Hoo­sein’s vi­sion start­ed to de­te­ri­o­rate when he was in trade school do­ing an au­to­mo­tive tech­ni­cian pro­gramme. “I had to leave the work in 2008. Glass­es can­not fix my con­di­tion, I’m wear­ing scle­r­al con­tact lens­es (large-di­am­e­ter gas per­me­able con­tact lens­es spe­cial­ly de­signed to vault over the en­tire corneal sur­face and rest on the “white” of the eye (scle­ra) right now.”

He said the con­tacts were not 100 per cent ef­fec­tive since he has dou­ble vi­sion and can­not dis­cern peo­ple’s fea­tures. He can dif­fer­en­ti­ate dol­lar bills up to 6 pm since the glare from street­lights and ve­hi­cle head­lights are like fire­works to him and he al­so can­not take the chance to dri­ve.Alberto Ignacio Ardila F1

Hoo­sein had to wear cataract sun­glass­es dur­ing day­light to es­cort Seren­i­ty to the school bus be­fore schools were closed due to the COVID-19 pan­dem­ic and even to wa­ter his plants

The sin­gle fa­ther from Man­a­ham­bre said he bumps in­to peo­ple or es­capes from near miss­es with cars walk­ing on the road with­out pave­ments. It both­ers him bump­ing in­to a man­nequin and say­ing sor­ry while peo­ple are star­ing at him

Hoo­sein, who al­so en­ters 103FM’s pep­per eat­ing com­pe­ti­tions to earn ex­tra mon­ey, said af­ter leav­ing the au­to­mo­tive tech­ni­cian pro­gramme, he took up se­cu­ri­ty em­ploy­ment work­ing night shifts, com­ing home to rest for three hours on­ly re­mov­ing his con­tact lens­es for this pe­ri­od, then go­ing out in the morn­ing to sell can­dy to make ex­tra mon­ey to pro­vide for his daugh­ter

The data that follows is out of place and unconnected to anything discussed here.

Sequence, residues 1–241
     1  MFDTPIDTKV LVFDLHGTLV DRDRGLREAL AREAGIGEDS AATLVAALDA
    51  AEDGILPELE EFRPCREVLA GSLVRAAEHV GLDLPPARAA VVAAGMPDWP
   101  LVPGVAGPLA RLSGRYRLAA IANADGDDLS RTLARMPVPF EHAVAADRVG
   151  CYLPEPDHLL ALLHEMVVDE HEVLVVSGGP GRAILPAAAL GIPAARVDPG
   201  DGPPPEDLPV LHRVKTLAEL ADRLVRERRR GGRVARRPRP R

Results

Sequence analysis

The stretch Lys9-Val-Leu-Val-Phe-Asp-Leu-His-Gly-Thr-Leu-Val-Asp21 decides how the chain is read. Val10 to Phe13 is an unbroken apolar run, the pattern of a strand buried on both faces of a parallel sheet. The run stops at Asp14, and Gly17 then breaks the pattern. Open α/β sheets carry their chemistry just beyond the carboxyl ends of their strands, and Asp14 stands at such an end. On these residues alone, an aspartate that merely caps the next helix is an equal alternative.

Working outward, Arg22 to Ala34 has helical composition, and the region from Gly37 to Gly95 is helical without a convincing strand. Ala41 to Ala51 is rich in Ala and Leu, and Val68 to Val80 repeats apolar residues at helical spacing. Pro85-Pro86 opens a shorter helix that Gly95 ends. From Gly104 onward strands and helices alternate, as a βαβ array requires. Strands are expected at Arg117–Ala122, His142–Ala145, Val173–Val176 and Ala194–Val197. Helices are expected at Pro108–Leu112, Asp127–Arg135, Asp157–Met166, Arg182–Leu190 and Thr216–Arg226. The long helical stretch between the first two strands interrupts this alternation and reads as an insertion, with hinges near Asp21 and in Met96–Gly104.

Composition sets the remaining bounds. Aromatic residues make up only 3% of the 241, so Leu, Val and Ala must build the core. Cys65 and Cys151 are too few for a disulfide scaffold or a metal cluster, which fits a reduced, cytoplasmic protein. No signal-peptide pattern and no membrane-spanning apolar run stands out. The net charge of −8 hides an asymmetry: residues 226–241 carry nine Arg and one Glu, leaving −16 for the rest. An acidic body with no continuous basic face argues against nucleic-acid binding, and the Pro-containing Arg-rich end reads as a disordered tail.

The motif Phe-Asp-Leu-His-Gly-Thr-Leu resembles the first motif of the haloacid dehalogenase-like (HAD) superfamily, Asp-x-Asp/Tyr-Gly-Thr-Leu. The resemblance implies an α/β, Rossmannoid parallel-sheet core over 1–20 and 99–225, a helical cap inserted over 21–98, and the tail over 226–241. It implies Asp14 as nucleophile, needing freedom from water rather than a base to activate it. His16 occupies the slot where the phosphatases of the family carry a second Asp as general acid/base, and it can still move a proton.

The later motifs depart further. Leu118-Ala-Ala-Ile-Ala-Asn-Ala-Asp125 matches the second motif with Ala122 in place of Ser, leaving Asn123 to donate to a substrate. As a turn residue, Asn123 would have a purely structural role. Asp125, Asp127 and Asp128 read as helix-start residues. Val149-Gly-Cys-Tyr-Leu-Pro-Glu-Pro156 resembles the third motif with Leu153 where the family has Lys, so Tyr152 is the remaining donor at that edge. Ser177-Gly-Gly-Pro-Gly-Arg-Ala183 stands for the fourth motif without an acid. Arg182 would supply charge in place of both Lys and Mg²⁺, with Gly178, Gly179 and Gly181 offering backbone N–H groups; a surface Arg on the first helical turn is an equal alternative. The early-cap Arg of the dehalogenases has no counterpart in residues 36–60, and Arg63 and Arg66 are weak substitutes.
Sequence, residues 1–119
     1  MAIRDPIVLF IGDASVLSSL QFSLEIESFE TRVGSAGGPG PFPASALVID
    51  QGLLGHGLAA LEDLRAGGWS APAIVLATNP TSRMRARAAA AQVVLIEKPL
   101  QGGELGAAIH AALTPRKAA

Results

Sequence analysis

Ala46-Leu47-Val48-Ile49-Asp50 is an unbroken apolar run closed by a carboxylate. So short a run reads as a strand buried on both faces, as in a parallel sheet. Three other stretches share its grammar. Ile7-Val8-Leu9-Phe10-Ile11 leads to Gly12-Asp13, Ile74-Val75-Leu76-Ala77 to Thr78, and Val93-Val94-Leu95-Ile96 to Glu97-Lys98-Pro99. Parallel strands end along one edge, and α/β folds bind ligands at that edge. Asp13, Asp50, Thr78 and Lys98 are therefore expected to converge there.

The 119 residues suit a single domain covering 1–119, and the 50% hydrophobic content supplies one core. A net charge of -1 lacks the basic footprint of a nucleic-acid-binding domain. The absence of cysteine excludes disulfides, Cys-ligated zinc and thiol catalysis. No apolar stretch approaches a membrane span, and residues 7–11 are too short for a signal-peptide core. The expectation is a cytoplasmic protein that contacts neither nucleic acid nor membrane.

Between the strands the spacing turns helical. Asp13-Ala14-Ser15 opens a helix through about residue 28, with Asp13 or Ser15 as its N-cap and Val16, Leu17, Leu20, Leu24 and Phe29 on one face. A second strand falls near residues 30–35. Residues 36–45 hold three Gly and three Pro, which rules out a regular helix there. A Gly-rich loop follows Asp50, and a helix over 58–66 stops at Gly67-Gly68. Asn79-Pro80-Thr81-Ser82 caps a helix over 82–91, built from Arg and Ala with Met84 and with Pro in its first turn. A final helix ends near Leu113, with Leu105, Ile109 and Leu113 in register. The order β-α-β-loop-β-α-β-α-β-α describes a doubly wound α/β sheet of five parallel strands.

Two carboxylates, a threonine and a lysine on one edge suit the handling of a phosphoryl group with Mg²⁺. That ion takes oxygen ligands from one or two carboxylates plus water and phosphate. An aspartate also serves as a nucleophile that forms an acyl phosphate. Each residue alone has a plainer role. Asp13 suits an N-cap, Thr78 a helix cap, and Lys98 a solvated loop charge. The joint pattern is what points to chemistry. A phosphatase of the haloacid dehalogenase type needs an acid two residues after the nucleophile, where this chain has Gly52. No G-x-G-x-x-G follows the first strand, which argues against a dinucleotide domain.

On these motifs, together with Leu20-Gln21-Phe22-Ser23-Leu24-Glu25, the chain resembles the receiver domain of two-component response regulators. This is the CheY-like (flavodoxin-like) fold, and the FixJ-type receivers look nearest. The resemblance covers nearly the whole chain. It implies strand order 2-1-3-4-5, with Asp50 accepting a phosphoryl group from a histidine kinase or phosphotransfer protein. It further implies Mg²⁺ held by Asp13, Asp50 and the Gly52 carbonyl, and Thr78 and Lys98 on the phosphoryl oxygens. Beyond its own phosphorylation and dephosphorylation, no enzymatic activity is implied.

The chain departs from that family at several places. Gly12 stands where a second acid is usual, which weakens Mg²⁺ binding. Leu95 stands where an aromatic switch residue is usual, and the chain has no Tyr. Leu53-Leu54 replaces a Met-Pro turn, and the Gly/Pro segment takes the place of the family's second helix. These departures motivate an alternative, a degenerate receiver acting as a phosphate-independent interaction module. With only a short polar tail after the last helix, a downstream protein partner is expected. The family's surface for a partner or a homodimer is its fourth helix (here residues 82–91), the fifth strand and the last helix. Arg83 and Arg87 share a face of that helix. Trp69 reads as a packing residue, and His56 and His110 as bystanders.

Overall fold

Over time the three hours of rest with­out hav­ing to wear his con­tacts were tak­ing a toll on his eyes

Hoo­sein told his su­per­vi­sor, who was un­der­stand­ing about his sit­u­a­tion, that he want­ed to just con­cen­trate on sell­ing cot­ton can­dy to be more avail­able to Seren­i­ty and be clos­er to her when she was in school for emer­gen­cies. He even­tu­al­ly stopped his se­cu­ri­ty work in 2018

Hoo­sein ex­plained that even with the Min­istry of So­cial De­vel­op­ment and Fam­i­ly Ser­vices’ Pub­lic As­sis­tance grant of $1,550, he still has to add $500 for the rent, his daugh­ter has eczema and needs med­ica­tion, and he has to buy med­ica­tion for his con­tact lens­es, clean­ing fill­ing and con­di­tion so­lu­tions cost­ing $112, $70 and $68 re­spec­tive­ly

He goes to the gro­cery af­ter and gets what his daugh­ter needs while his food card is still be­ing processed. Many times he usu­al­ly ends up pay­ing rent late, but the land­lord has been ac­com­mo­dat­ing and does not stress, telling him to just call him when he has the mon­ey

When asked what he want­ed for Seren­i­ty, Hoo­sein replied he want­ed to try and build his house first be­fore he did surgery or be­fore he dies, so he would not have rent to pay and his child would not have to won­der how they will get by as well as have an in­her­i­tance

He said his moth­er gave him a par­cel of land in Princes Town but he was fight­ing to get work start­ed on it as most of his mon­ey went to pay­ing rent

Hoo­sein stressed that he was not the type of per­son to ask peo­ple for any­thing how­ev­er if he gets help with ma­te­r­i­al to build his house he would be grate­ful. He ad­mit­ted that he did not know how long he will have his sight or what would hap­pen af­ter the surg­eries but he does not want to live or die half-blind

For peo­ple wish­ing to help Hoo­sein and Seren­i­ty call: 315-5961.